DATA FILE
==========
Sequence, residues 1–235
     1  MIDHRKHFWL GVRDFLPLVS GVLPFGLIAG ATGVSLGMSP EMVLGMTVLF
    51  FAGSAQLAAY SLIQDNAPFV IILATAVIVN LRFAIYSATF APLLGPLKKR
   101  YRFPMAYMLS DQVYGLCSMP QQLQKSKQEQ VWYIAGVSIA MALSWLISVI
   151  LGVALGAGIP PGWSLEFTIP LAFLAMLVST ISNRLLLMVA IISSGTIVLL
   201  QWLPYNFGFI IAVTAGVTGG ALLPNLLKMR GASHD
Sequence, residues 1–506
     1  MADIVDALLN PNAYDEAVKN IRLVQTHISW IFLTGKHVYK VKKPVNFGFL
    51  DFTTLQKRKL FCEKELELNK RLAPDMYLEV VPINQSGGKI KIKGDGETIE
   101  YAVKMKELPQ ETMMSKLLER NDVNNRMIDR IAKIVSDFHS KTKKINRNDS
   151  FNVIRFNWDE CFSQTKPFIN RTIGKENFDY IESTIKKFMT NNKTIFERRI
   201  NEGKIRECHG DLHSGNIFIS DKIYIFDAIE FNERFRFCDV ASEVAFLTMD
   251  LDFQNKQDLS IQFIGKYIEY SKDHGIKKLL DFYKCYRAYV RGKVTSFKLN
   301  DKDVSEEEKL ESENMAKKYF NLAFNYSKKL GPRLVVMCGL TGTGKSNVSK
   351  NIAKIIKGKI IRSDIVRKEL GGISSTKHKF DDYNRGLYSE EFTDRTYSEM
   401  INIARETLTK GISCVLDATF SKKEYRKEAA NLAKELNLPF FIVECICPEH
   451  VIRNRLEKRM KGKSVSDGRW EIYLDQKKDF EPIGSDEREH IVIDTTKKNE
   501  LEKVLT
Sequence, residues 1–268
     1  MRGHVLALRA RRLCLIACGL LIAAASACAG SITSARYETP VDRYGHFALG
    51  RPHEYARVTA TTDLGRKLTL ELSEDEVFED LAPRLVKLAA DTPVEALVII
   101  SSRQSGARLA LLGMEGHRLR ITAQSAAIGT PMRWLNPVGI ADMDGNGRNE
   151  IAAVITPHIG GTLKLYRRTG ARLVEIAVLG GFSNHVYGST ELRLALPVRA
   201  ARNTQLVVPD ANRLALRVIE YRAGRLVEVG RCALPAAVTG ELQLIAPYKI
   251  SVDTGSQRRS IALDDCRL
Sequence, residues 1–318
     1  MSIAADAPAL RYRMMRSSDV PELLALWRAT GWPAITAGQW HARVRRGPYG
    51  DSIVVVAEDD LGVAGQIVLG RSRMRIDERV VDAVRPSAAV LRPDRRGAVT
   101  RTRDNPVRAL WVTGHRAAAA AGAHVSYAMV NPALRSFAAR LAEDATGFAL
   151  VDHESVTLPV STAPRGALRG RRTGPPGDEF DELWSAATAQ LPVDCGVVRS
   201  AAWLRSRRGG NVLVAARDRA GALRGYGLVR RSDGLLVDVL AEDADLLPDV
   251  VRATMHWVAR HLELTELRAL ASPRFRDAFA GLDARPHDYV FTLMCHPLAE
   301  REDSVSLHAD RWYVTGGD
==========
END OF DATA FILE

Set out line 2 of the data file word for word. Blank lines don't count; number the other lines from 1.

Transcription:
     1  MIDHRKHFWL GVRDFLPLVS GVLPFGLIAG ATGVSLGMSP EMVLGMTVLF